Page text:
Understanding Stress
Re-framing definition of stress. Harnessing the "stress response" in the service of more skillful action through mindfulness practice.

May 26th 2012 - Understanding Stress

As you greet 2012, armed with your New Year’s resolutions, possibly stressing about reverting to your typical routine, it might be useful to think about what you are dreading.

What comes to mind when you think about "stress"? Time pressures, difficulty on the job/relationship, financial struggles, “failing” once again in your New Year’s resolutions, fearful situations, just too much to do? What else?

We tend to think of "stress" and struggle as something negative or undesirable, to be avoided or gotten "out of" at all costs.

But, what if we re-framed our thoughts about stress and struggle?

Pleasure, joy, happiness and excitement also elicit the body's stress response, yet we do not experience these emotions as stressful or undesirable or seek to avoid them. (On the other hand, we might be so desperate to hold onto the pleasurable experiences or afraid of losing them, that we can’t even enjoy the moment).

In yoga, it's often useful to "re-frame" our thinking and even the words we use to "see" things from a different perspective (the benefit of practicing inverted poses, to physically and metaphorically "turn our world upside down").

What if we could understand and distinguish between stress and tension? Between "reaction" and "response"?

What if we could put a halt to our runaway thoughts before we were "ambushed by" our primitive (and, in the right situations, very useful and necessary) fight or flight response? After all, once that response is evoked, we might as well just "ride the wave" of emotions until the chemical cocktail in our bodies subsides (and what tools can we bring to bear to help us ride that wave?).

What if we could harness the "stress response" in the service of more skillful action?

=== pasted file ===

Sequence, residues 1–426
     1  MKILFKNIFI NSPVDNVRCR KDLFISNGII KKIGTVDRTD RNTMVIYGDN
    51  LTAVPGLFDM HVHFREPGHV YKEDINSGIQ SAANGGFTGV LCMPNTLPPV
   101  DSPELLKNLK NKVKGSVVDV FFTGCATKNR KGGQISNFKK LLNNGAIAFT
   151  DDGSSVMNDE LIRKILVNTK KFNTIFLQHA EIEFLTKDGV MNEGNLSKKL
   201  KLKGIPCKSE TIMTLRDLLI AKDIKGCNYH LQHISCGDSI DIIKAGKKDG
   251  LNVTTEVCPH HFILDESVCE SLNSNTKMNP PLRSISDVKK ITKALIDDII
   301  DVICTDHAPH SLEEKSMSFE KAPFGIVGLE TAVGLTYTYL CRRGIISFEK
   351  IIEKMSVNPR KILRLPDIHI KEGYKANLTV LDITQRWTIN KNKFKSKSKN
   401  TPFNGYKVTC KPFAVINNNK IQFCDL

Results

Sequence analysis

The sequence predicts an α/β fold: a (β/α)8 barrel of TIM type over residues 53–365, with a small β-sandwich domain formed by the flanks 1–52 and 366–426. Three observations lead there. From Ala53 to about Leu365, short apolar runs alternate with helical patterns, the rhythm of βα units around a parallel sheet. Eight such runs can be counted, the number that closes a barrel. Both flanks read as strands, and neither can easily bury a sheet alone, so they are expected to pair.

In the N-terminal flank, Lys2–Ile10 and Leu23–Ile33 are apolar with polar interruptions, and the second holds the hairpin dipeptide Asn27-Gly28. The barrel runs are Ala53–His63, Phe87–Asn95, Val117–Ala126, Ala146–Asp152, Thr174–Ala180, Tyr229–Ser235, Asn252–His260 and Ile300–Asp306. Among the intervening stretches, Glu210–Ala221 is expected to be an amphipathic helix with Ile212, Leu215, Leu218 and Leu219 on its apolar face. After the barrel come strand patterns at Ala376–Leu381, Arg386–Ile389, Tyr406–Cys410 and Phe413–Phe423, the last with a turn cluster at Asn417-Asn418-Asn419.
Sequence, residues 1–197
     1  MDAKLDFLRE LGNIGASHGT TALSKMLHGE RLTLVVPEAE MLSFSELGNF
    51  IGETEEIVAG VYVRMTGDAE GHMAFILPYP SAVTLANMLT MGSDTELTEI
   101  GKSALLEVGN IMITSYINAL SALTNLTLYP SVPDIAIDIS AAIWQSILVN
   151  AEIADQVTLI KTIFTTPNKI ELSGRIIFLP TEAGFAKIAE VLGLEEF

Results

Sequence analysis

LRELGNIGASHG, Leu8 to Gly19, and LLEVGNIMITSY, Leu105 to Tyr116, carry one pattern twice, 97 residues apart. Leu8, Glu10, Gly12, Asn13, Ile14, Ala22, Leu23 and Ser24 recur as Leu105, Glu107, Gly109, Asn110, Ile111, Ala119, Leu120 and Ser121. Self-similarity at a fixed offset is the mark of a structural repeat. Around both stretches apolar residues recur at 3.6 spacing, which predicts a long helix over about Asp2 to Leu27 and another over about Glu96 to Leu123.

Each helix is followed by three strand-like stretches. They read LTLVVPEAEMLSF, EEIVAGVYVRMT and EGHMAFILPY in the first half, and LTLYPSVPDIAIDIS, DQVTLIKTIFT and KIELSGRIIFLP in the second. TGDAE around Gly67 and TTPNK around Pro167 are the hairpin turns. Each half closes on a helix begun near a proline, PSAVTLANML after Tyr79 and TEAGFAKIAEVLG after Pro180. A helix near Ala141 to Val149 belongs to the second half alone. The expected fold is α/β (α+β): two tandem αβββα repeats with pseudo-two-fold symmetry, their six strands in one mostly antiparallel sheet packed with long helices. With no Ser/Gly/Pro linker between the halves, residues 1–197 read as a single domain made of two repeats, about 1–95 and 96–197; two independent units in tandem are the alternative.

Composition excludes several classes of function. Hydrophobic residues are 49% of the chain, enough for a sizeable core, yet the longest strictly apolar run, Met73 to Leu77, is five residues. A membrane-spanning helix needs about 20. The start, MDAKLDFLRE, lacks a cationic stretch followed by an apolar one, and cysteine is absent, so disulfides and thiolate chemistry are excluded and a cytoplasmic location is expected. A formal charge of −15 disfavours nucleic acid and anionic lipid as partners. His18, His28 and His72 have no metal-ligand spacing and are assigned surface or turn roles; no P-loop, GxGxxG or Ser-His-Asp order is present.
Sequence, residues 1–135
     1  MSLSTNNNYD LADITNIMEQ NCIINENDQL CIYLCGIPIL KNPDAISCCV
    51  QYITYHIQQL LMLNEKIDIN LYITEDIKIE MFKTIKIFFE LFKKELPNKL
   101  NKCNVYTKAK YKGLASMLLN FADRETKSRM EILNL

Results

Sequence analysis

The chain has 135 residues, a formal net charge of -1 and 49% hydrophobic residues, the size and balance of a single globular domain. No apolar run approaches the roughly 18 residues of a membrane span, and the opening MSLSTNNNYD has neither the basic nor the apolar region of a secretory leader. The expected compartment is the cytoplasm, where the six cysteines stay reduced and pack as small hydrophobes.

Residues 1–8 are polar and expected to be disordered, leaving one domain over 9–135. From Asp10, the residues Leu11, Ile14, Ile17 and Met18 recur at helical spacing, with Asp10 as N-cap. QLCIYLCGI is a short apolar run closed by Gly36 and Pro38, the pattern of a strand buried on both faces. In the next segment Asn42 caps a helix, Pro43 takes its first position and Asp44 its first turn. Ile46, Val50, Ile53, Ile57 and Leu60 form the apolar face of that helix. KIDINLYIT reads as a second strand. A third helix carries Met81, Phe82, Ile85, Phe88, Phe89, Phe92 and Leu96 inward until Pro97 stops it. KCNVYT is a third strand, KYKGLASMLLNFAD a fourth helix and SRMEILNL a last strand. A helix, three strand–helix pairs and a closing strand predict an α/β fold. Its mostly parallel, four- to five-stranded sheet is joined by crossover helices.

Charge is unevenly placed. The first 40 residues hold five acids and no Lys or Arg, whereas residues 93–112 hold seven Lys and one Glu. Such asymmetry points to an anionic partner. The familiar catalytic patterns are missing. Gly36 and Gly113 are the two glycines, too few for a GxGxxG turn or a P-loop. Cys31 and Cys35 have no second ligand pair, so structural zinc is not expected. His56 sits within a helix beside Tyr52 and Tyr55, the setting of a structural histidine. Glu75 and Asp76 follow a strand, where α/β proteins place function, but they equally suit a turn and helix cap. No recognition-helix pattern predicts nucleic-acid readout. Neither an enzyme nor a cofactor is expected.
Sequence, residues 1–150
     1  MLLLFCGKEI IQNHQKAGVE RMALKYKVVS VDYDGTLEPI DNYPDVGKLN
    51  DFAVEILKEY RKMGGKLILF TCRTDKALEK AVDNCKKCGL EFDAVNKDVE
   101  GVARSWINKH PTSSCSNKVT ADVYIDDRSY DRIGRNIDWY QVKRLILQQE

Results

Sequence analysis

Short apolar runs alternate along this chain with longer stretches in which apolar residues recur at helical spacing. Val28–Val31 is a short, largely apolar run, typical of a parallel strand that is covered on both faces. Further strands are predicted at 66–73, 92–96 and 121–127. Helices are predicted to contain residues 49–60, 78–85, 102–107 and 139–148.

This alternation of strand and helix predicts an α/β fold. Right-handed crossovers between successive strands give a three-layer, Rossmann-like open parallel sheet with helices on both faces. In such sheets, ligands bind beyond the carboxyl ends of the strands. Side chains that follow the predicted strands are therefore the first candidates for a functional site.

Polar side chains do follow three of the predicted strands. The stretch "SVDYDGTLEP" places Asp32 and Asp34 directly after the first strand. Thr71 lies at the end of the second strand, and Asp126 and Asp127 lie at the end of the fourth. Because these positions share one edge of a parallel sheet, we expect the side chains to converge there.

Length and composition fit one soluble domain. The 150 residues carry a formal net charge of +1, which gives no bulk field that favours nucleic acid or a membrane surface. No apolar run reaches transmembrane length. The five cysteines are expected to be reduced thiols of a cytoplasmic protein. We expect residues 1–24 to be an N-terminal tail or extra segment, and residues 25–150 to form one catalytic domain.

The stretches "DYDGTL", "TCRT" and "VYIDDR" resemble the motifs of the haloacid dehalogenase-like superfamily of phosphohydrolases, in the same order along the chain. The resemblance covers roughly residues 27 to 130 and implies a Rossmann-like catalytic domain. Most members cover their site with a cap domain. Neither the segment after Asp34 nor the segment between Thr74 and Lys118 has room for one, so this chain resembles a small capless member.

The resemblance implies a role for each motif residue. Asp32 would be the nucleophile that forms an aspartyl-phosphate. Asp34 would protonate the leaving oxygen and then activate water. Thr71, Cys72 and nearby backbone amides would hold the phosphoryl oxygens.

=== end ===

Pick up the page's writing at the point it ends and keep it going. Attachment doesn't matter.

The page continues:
Yoga practices are meant to be taken "off the yoga mat" into our everyday lives. Using physical postures and breathing techniques to increase strength, flexibility and relaxation, meditative practices to step back from our tendency to "react" to stressful situations vs. "responding" from the more resourceful parts of our being, cultivating our "witness consciousness" and "higher intellectual centers" to truly know ourselves and to discern that "right action" for the situation, living a happier, healthier and more energetic life - these are the true aims of yoga.

Meditation practice is a time tested and scientifically documented approach to dealing with the 'stuff' of life. These practices will not change our outer experience (and we typically cannot change what is happening outside of us or don’t have a clue as to what is going to happen), but through stepping back, taking a ‘breathing space’, we might find that we can find new options, new ways of responding to difficult or challenging situations. And, perhaps, that we are stronger than we think.

It is said that the cause of suffering is not wanting things to be as they are. When we sit to meditate, we find that we cannot still the mind for more than a few nanoseconds - let alone stop or change our sometimes obsessive thinking.

Mind would rather dwell any place but the present moment.

Many of us give up in frustration in our early forays into meditation and yoga as we struggle to still that oh-so-active mind and cranky or imperfect body or find difficult emotions lurking beneath the surface.

The good news is that when we do commit to a meditation or yoga practice, we learn that this is simply the nature of the mind - what author Stephen Cope calls "Puppy Mind". And that, with practice, we can bring this playful puppy home time and again.

Yogis have been studying the mind and the causes of human suffering for centuries and have developed time tested techniques to alleviate suffering. What's more, scientists have proven that meditation strengthens the immune system, increases heart health, reduces stress & slows biological aging, strengthens coping skills, even changes brain chemistry - and, can be instrumental in helping us create positive behavior changes!